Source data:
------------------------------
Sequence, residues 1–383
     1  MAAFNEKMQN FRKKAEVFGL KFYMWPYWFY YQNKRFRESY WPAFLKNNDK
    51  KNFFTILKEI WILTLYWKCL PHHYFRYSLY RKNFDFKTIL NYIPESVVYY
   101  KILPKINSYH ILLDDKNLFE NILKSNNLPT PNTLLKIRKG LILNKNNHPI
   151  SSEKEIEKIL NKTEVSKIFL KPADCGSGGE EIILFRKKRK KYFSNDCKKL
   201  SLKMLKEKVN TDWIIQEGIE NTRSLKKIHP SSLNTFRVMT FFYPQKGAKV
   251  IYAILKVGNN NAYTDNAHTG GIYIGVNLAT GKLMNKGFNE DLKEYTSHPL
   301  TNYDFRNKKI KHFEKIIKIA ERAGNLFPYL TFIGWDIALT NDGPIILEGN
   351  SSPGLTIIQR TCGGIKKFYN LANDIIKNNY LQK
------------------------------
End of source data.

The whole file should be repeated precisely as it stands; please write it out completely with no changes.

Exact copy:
Sequence, residues 1–383
     1  MAAFNEKMQN FRKKAEVFGL KFYMWPYWFY YQNKRFRESY WPAFLKNNDK
    51  KNFFTILKEI WILTLYWKCL PHHYFRYSLY RKNFDFKTIL NYIPESVVYY
   101  KILPKINSYH ILLDDKNLFE NILKSNNLPT PNTLLKIRKG LILNKNNHPI
   151  SSEKEIEKIL NKTEVSKIFL KPADCGSGGE EIILFRKKRK KYFSNDCKKL
   201  SLKMLKEKVN TDWIIQEGIE NTRSLKKIHP SSLNTFRVMT FFYPQKGAKV
   251  IYAILKVGNN NAYTDNAHTG GIYIGVNLAT GKLMNKGFNE DLKEYTSHPL
   301  TNYDFRNKKI KHFEKIIKIA ERAGNLFPYL TFIGWDIALT NDGPIILEGN
   351  SSPGLTIIQR TCGGIKKFYN LANDIIKNNY LQK